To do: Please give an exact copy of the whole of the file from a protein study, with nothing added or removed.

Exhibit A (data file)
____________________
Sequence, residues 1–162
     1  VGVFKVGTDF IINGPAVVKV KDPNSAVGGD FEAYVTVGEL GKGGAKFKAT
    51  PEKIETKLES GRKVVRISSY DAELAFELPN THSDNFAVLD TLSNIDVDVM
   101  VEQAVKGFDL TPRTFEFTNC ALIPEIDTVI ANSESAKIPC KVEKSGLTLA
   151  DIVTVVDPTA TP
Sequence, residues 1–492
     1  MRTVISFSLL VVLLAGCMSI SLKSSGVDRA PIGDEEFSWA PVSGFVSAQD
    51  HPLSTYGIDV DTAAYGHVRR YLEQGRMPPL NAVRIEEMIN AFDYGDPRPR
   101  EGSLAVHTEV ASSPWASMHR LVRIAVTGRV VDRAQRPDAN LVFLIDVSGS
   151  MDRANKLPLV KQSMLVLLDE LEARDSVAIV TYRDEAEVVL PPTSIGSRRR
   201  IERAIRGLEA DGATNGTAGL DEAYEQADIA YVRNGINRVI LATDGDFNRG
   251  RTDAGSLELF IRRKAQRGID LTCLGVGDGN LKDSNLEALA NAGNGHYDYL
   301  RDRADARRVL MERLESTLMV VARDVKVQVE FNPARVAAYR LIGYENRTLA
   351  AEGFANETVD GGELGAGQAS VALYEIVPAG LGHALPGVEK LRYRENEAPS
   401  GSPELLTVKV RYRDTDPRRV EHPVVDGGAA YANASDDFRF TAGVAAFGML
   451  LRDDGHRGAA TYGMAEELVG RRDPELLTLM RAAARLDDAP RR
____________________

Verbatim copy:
Sequence, residues 1–162
     1  VGVFKVGTDF IINGPAVVKV KDPNSAVGGD FEAYVTVGEL GKGGAKFKAT
    51  PEKIETKLES GRKVVRISSY DAELAFELPN THSDNFAVLD TLSNIDVDVM
   101  VEQAVKGFDL TPRTFEFTNC ALIPEIDTVI ANSESAKIPC KVEKSGLTLA
   151  DIVTVVDPTA TP
Sequence, residues 1–492
     1  MRTVISFSLL VVLLAGCMSI SLKSSGVDRA PIGDEEFSWA PVSGFVSAQD
    51  HPLSTYGIDV DTAAYGHVRR YLEQGRMPPL NAVRIEEMIN AFDYGDPRPR
   101  EGSLAVHTEV ASSPWASMHR LVRIAVTGRV VDRAQRPDAN LVFLIDVSGS
   151  MDRANKLPLV KQSMLVLLDE LEARDSVAIV TYRDEAEVVL PPTSIGSRRR
   201  IERAIRGLEA DGATNGTAGL DEAYEQADIA YVRNGINRVI LATDGDFNRG
   251  RTDAGSLELF IRRKAQRGID LTCLGVGDGN LKDSNLEALA NAGNGHYDYL
   301  RDRADARRVL MERLESTLMV VARDVKVQVE FNPARVAAYR LIGYENRTLA
   351  AEGFANETVD GGELGAGQAS VALYEIVPAG LGHALPGVEK LRYRENEAPS
   401  GSPELLTVKV RYRDTDPRRV EHPVVDGGAA YANASDDFRF TAGVAAFGML
   451  LRDDGHRGAA TYGMAEELVG RRDPELLTLM RAAARLDDAP RR